By Senior Airman Michelle Patten
Air Force Public Affairs Agency
To see different types of animals in your local area, you may take a trip to your city zoo. However, there are other “animals” people can browse at the National Museum of the U.S. Air Force that made their mark on Air Force history. Can’t make the trip to the museum at Wright-Patterson Air Force Base, Ohio? No worries! We have an exhibit full of Air Force “animals” for you to see right here. Can you think of any other animals serving or making an impact in the Air Force?
The “Camel” was flown during World War I. The British Sopwith Camel F.1 shot down more enemy aircraft than any other WWI fighter. It also was made popular as the aircraft Snoopy flew in the “Peanuts” comic.
One of the most active messenger pigeons in the Army, “John Silver” was wounded in battle. A bullet had torn his breast, bits of shrapnel ripped his tiny body, and his right leg was missing, but the message tube, intact, was hanging by the ligaments of the torn leg. “Stumpy John” is on display in the museum’s Early Years Gallery.
A bird dog tracks the scent of animals. Likewise, the O-1 Bird Dog was used for such tasks as artillery spotting, front-line communications, medical evacuation and pilot training.
The F-22 Raptor, named for the bird of prey known for its keen vision, is the world’s first stealthy air dominance fighter.
The majestic eagle has long been recognized as a symbol of the United States. The F-15 is a twin-engine, high-performance, all-weather air superiority fighter known for its great acceleration and maneuverability.
Unofficially known as the “Blackbird,” the SR-71 is one of the most well-known Air Force aircraft. Throughout its nearly 24-year career, the SR-71 remained the world’s fastest and highest-flying operational aircraft.
Named for a predatory scorpion, the F-89 could locate, intercept and destroy enemy aircraft by day or night under all types of weather conditions.
Aardvarks are known as burrowing, nocturnal animals. The F-111 Aardvark had swept wings and could also fly at very low levels and hit targets in bad weather.
The Cessna UC-78 Bobcat was used as a light transport aircraft.
The De Havilland C-7 Caribou was used primarily for tactical airlift missions from short, unimproved airstrips in forward battle areas during the Southeast Asia War.
Moths might be seen as a nuisance, but the De Havilland DH 82 Tiger Moth was quite popular. During World War II, most Royal Air Force pilots trained in Tiger Moths, including Americans who flew with the Eagle Squadrons before the U.S. entered the war. It is one of a number of models of light aircraft named for moths, in recognition of designer Geoffrey de Havilland’s interest in moths and butterflies.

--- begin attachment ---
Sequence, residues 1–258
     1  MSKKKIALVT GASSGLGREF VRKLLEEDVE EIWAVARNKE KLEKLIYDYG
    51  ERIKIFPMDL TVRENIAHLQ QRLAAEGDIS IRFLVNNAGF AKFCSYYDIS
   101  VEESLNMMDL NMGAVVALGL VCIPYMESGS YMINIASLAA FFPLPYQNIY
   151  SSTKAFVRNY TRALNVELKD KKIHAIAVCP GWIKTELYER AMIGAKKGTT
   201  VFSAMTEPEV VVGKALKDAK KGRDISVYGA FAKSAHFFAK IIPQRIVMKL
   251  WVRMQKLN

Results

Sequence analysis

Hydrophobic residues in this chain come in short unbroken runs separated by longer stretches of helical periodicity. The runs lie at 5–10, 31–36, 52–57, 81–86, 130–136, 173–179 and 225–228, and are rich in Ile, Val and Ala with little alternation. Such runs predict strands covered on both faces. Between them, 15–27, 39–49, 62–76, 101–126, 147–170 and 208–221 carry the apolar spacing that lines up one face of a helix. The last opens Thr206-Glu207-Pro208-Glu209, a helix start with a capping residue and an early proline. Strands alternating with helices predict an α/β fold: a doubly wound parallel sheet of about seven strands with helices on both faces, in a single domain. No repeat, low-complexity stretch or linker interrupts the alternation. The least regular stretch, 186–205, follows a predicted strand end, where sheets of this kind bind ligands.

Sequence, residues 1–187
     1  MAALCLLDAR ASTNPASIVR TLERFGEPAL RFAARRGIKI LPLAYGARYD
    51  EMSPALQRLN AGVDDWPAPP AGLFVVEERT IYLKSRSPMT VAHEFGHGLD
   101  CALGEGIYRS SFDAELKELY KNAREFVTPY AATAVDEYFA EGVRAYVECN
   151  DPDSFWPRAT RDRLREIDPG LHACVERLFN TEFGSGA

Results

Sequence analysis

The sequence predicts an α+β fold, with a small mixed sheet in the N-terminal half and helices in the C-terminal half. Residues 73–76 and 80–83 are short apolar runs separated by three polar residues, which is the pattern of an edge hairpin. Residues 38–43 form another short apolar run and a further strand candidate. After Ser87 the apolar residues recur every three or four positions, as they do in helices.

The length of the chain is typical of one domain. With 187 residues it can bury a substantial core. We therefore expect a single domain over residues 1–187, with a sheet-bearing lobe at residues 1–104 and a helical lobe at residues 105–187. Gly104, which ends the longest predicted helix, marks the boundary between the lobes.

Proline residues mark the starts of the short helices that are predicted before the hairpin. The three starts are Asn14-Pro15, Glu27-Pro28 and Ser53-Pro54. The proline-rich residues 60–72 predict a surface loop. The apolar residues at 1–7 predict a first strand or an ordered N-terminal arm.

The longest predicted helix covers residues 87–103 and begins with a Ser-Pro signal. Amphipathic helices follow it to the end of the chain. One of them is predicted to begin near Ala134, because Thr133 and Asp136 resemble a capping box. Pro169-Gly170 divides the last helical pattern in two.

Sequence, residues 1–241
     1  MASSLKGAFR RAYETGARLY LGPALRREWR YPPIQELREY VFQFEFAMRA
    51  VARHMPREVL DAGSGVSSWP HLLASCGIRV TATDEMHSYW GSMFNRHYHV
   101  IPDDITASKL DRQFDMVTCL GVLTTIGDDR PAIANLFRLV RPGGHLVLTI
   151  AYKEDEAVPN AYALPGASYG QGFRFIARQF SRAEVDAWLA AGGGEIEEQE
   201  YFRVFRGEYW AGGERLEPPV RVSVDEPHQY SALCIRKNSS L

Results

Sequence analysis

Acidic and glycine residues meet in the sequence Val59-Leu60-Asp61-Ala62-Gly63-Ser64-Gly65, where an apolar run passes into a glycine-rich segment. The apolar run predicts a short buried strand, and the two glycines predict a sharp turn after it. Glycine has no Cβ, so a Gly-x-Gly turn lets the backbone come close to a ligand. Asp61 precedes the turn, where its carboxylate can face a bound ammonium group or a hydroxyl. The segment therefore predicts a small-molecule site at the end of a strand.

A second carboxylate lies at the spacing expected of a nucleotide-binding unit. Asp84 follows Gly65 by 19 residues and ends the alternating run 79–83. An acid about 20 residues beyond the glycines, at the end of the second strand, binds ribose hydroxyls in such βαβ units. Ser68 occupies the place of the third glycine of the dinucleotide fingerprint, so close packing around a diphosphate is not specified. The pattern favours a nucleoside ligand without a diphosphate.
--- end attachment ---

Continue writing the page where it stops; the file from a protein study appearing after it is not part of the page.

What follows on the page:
Mustangs are known as free-ranging horses in the American West. The P-51 Mustang was among the best and most well-known fighters in history, serving in nearly every combat zone during WWII and later during in the Korean War.
The museum’s P-40 has a couple of animal references. Named the Warhawk, the aircraft has a shark mouth. In addition, the insignia painted on the side depicts a tiger – P-40s served with the famed Flying Tigers in China in 1942.
Much like an owl in flight, the Curtiss O-52 Owl was built for observation duties.
“Vittles” the dog flew 131 missions with his owner, 1st Lt. Russ Steber, during the Berlin Airlift. Gen. Curtis LeMay named the dog and ordered the parachute made for him. Vittles, a boxer, accumulated around 2,000 flying hours, but never had to use the parachute.
One of the P-47s in the museum’s World War II Gallery has a pink elephant painted near the propeller. The elephant was a reference to the Disney film “Dumbo,” which was in released in 1941.
Although named after an irritating insect, the British DH 98 Mosquito was quite famous and used extensively during World War II. In the museum’s exhibit, the “Mossie” is being painted with D-Day invasion stripes.
The Grumman OA-12 Duck was used by the U.S. Air Forces’ Air Rescue Service for overwater missions.
Falcons are some of the fastest moving creatures on Earth. In addition to its role as a fighter aircraft, the F-16 Fighting Falcon is used by the Air Force Thunderbirds during their air shows.
Named the Dragonfly, the Sikorsky H-5 gained its greatest fame during the Korean War when it was called upon repeatedly to rescue United Nations’ pilots shot down behind enemy lines and to evacuate wounded personnel from frontline areas.
Curtiss built a long series of fighter aircraft carrying the name “Hawk.” This one is the P-6E on display in the museum’s Early Years Gallery. This aircraft has another animal visible on the side – the great snow owl was the insignia of the 17th Aero Squadron.